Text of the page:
Sunday, December 18, 2016

The User Illusion

December 18, 2016

Book review: In The User Illusion: Cutting Consciousness Down To Size (Penguin Books, 1991, English translation 1998), Danish science writer Tor Norretranders dissects the powerful illusion that humans believe that what they see and think is accurate or real. The User Illusion (TUI) relentlessly describes human consciousness and the biological basis for the false realities that we believe are real. TUI is about the constraints on knowledge. The 2nd law of thermodynamics and the curse of always increasing disorder (entropy), information theory and mathematics all make it clear that all sentient beings in the universe operate under severe information constraints. That includes the limits on the human mind. To believe otherwise is a mistake, or more accurately, an illusion.

TUI’s chapter 6, The Bandwidth of Consciousness, gets right to the heart of matters. Going there is an enlightening but humbling experience. When awake, the information flow from human sensory nerves to the brain is about 11.2 million bits per second, with the eyes bringing in about 10 million bits per second, the skin about 1 million bits per second, with the ears and nose each bringing in about 100,000 thousand bits per second. That’s a lot, right? No, it isn’t. The real world operates at unknowable trillions of gigabits/second, so what we see or perceive isn’t much. 

Fortunately, humans needed only enough capacity to survive, not to know the future 10 or 100 years in advance or to see a color we can’t see through human eyes with just three different color sensing cell types (red, green, blue). For human survival, three colors was good enough. Evidence of evolutionary success is a planet population of about 7.4 billion humans that’s rapidly heading toward 8 billion.

Given that context, that 11.2 million bits/second may sound feeble but things are much weirder than just that. The 11.2 million bits/second are flowing into our unconscious minds. We are not conscious of all of that. So, what is the bandwidth of consciousness? How much of the 11.2 million bits/second we sense do we become aware of?

The answer is about 1-50 bits/second. That’s the estimated rate at which human consciousness processes the information it is aware of. Silently reading this discussion consumes about 45 bits/second, reading aloud consumes about 30 bits/second, multiplying and adding two numbers consumes about 12 bits/second, counting objects consumes about 3 bits/second and distinguishing between different degrees of taste sweetness consumes about 1 bit/second.

What’s going on?: It’s fair to ask what's really going on and why does our brain operate this way. The answer to the last question is that (i) it’s all that was needed to survive, and (ii) the laws of nature and the nature of humans, which are severely limited in data processing capacity. The human brain is large relative to body size but nonetheless only it processes information at a maximum rate of about 11.2 million bits/second, most of which we never become consciously aware of. That's human bandwidth because that’s what evolution resulted in.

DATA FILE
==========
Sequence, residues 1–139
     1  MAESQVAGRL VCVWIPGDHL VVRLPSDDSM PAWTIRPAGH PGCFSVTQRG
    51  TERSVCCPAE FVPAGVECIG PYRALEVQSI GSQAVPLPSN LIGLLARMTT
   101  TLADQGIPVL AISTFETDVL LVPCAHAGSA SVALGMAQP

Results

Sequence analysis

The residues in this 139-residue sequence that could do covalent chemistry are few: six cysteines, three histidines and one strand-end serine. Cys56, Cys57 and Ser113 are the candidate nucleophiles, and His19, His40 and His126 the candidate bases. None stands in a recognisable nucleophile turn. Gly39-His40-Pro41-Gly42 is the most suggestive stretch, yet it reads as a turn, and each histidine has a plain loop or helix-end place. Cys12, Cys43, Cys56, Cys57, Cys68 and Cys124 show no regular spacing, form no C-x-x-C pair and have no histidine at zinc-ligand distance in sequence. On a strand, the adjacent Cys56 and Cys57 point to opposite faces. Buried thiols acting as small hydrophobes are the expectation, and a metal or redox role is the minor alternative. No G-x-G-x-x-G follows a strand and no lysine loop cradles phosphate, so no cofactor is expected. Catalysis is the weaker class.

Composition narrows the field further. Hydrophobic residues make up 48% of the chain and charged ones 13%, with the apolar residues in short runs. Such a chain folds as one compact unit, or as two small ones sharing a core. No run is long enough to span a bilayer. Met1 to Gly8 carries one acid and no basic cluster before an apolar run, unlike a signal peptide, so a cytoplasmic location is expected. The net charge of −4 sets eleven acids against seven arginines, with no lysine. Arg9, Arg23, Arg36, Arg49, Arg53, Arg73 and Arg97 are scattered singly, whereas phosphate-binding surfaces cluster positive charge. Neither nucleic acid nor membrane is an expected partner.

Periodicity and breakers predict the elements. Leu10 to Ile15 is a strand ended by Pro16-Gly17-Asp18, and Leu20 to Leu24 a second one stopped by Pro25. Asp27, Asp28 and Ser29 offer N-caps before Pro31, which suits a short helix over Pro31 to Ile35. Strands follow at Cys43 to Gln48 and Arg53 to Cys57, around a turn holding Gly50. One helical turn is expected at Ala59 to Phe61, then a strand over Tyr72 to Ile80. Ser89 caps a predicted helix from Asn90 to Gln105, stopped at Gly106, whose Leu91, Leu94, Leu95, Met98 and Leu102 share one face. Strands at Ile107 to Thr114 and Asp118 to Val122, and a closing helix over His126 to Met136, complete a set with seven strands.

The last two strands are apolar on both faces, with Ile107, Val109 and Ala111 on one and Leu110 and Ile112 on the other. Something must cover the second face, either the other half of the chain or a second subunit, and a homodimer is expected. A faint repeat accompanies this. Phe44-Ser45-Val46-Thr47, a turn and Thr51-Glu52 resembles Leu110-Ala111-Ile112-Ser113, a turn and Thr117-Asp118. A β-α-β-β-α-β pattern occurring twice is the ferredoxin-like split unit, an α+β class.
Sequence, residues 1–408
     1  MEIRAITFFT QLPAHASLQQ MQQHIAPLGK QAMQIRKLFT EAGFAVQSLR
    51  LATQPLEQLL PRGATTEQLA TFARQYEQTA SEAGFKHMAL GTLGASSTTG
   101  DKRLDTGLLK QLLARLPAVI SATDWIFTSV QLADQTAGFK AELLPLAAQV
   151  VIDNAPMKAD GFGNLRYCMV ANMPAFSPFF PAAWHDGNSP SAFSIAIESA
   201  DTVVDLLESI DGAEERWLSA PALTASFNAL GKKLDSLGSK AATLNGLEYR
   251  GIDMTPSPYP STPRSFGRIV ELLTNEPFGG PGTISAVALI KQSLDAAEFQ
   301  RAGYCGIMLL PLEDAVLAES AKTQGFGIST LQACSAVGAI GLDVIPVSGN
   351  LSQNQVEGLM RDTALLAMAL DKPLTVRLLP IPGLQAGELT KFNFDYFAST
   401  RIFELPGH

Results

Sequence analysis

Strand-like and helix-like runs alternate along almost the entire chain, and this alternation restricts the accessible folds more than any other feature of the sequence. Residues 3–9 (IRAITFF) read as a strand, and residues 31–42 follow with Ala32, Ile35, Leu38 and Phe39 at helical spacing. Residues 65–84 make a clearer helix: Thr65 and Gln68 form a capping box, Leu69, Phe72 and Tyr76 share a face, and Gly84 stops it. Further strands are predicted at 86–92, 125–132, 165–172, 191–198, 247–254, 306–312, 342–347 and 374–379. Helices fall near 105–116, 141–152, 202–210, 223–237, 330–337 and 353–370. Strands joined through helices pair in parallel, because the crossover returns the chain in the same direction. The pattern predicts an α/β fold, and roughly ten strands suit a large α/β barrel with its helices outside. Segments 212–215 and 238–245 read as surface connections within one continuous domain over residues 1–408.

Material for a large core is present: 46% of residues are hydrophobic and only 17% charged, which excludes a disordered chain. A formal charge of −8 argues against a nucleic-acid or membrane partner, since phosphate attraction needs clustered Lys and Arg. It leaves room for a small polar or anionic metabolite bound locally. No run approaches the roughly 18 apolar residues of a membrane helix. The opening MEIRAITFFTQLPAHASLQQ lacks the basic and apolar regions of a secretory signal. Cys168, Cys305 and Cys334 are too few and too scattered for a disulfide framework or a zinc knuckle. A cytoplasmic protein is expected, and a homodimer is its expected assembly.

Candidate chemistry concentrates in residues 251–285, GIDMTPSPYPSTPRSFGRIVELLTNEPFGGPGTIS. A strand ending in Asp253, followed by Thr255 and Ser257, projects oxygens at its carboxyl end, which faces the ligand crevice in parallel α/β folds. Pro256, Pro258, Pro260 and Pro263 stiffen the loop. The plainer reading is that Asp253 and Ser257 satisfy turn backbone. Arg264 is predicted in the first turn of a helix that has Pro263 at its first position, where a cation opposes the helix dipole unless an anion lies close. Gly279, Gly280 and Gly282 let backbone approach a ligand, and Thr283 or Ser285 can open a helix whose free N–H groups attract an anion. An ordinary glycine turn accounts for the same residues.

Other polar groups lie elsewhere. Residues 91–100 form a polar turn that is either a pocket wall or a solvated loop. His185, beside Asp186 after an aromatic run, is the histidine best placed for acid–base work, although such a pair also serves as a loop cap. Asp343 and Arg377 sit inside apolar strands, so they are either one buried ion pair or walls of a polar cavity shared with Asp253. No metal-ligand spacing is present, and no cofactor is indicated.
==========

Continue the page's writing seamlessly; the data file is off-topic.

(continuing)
What’s going on is our unconscious mind taking in information at about 11.2 million bits/second, discarding or withholding from consciousness what’s not important or needed, which is about 50 bits/second or less, and then presenting the little trickle of important information to consciousness. That’s how much conscious bandwidth (consciousness) that humans needed to survive, e.g., to finagle sex, spot and run away from a hungry saber tooth cat before being eaten, find or hunt food, or do whatever was needed to survive. In modern times, our mental bandwidth is sufficient to do modern jobs, build civilization and advance human knowledge.

If one accepts the veracity of the science and Norretrander’s narrative, it is fair to say that the world that humans think they see is more illusion than real. Other chapters of TUI and the science behind the observations reinforce this reality of human cognition and its limits. For example, chapter 9, The Half-Second Delay, describes how our unconscious minds make decisions about 0.5 second before we become aware of what it is we have unconsciously decided. Although there's room for some disagreement about it, we consciously believe that we made a decision about 0.5 second before we became aware of it. Current data suggests that decisions can be made unconsciously about 7 to 10 seconds before we're aware of the decision.

In other words, we operate under an illusion that our conscious mind makes decisions when that's the exception. The rule is that our unconscious minds are calling the shots most of the time. When it comes to perceiving reality, the low-bandwidth signal the brain uses to create a picture is a simulation that we routinely mistake for reality. As Norretranders sees it, consciousness is a fraud. That’s the user illusion.

Questions: Is some all, some or none of this credible? Why? Can conscious reason or thinking contradict an unconscious decision once it becomes conscious, i.e., if free will is defined as conscious control of decisions, is there such a thing as human free will?

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